“Stronger Together” moves forward in the story of Supergirl but does it resolve the issues of the pilot?
“Stronger Together” is thankfully a better effort from Supergirl than the pilot. While admittedly there is always a lot of leading character development, the weakest points of the pilot were the manic nature of the narrative. In the second episode, things slow down a lot and we get into the nitty-gritty of what it takes to be a superhero.
One of the bigger questions was what qualifies Kara to actually fight bad guys and save people, and considering she basically powers though the DEO tests by brute force on the way to disastrously stopping a dock fire, it’s clear she has a long way to go. Taking baby steps with being a hero is a clear way to gain both confidence (which Kara bizarrely sometimes is both full of and completely lacks) and training.
Some of the more tongue in cheek moments deal with the common questions of “how come no one recognizes Supergirl/Superman?” (Because people can’t believe heroes are among them), “How do super heroes pay rent?” (They get regular person jobs), and “Why do strong heroes not learn to fight?” (They rely solely on their strength and never get trained in situations where they have to fight a superior skilled opponent). Fortunately as Kara discovers more about herself and the life of a hero, we get to enjoy learning more about the world as well in a pretty transparent and non obtrusive way.
I think the weakest link though has to be this weird character styling of General Astra. While it’s unclear exactly what her end goal is other than to save the world from self destruction, her overall look and feel seems very cartoonish. Astra reminds me a lot of Empress Repulsa from Power Rangers, a caricature of evil cackles and swears of vengeance.
Meanwhile, the Laura Benanti’s ego as Alura the AI is cold and unfeeling, which, as a computer simulation makes sense, but is fairly depressing. Once Kara sees the AI system for the first time, her first instinct is to ask for a hug, which is the only thing the AI cannot do for her, and it’s quite heartbreaking. Unlike her cousin Superman, Kara was not a baby when she left Krypton. She was a teenager with friends, family, and memories of a life, and those memories have to be a part of her no matter how much she misses her previous life. It’s clearly one of the more emotional nuances that gets lost sometimes when we think of Supergirl, and it clearly will come into play for the rest of the show’s run.
In what was a surprising but welcome change, CBS seemingly has worked though whatever legal issues they might have had with the Superman properties and could quickly move towards a constant flow of name-dropping characters and references to Metropolis’s caped hero. Hopefully it doesn’t become a running motif though, as while it was jarring to go out of their way to avoid saying “Superman”, it’ll be even more annoying to have the constant reminder that it’s the same universe. Hopefully we don’t end up in a situation where we have to have her little-big cousin come in and help save the day, but I don’t think the writers would do something so callous to undercut the work Supergirl is establishing already.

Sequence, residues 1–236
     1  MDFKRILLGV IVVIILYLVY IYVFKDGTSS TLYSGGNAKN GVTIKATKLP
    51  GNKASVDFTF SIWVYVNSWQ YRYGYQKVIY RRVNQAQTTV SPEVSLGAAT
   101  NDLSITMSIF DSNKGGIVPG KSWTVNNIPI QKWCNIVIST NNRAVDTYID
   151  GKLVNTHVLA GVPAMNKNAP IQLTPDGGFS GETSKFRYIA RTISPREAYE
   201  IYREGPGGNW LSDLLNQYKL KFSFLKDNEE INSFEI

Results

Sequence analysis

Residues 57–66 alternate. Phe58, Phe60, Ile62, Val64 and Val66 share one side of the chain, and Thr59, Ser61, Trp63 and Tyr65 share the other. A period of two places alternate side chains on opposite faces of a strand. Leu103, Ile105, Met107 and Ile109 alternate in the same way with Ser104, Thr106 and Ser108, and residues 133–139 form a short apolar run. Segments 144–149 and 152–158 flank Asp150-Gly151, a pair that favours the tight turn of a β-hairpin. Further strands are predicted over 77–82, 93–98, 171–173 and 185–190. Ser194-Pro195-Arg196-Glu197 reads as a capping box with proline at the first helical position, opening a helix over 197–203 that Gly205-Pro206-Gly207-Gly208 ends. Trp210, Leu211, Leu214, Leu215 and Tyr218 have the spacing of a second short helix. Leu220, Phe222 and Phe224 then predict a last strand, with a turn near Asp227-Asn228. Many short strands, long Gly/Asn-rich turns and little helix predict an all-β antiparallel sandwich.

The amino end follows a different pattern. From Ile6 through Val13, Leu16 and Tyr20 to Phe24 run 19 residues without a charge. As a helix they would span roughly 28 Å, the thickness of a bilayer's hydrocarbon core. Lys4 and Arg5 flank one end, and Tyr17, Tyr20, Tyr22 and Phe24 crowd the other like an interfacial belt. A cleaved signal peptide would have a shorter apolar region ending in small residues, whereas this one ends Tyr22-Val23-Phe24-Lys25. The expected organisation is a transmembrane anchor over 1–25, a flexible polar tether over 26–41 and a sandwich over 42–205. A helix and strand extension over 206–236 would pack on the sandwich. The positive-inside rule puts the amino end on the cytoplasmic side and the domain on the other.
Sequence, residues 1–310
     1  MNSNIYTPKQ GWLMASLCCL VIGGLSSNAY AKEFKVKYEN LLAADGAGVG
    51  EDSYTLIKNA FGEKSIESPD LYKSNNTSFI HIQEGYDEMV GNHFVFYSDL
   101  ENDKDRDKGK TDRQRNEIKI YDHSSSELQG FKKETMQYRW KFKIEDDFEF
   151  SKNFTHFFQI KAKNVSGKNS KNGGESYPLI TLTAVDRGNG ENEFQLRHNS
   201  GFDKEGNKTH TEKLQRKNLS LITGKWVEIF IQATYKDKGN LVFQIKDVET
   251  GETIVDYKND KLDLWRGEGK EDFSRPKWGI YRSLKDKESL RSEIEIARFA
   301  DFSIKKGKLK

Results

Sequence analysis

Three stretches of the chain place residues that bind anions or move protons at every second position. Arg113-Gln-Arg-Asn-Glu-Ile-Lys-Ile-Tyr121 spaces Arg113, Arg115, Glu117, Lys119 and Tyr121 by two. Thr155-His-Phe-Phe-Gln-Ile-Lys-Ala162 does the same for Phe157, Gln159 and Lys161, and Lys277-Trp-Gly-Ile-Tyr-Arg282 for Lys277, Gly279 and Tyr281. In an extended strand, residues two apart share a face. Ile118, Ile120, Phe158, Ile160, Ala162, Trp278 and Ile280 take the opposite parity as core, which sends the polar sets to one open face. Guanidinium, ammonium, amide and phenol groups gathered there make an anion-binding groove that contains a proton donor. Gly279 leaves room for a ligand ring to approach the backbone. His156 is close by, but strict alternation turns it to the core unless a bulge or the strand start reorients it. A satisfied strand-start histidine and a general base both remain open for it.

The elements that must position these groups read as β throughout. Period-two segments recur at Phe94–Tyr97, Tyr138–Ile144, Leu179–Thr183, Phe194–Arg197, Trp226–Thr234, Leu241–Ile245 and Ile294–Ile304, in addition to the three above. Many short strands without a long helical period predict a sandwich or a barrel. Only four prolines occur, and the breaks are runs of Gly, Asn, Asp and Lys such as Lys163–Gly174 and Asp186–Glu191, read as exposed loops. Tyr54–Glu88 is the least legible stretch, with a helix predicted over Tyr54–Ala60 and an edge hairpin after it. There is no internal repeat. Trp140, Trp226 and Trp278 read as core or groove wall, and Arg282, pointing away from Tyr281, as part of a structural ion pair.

Melissa Benoist powers though the episode with her pure charm and so far it continues to work.
- I really dislike the annoying Jimmy and Kara goofy eyed stares, which does a lot to undercut the independence of Kara and what she’s trying to accomplish. To be honest it feels forced to create drama for the sake of angst.
- Superman too rescued a cat from a tree, though this time it was a snake.
- Though I don’t really want to see Superman swoop in, if he was aware that another Kryptonian (and his extended family) was on Earth causing havoc, would he really leave his cousin to deal with it on her own? That seems a bit foolish and dangerous considering Kara barely is in control of powers.
- Speaking of extended family, for the confused: Jor-El (Superman’s father) and Zor-El (Supergirl’s father) are brothers. Allura is Zor-El’s wife, and Astra is her twin. Astra is not a blood relative of Superman.
- So what is Hank Henshaw? In the comic universe, he becomes super-villan Cyborg-Superman after a solar flare incident.
- We also get introduced to Maxwell Lord (Peter Facinelli), a Lex Luthor type tech mogul with an interest in Supergirl and her powers.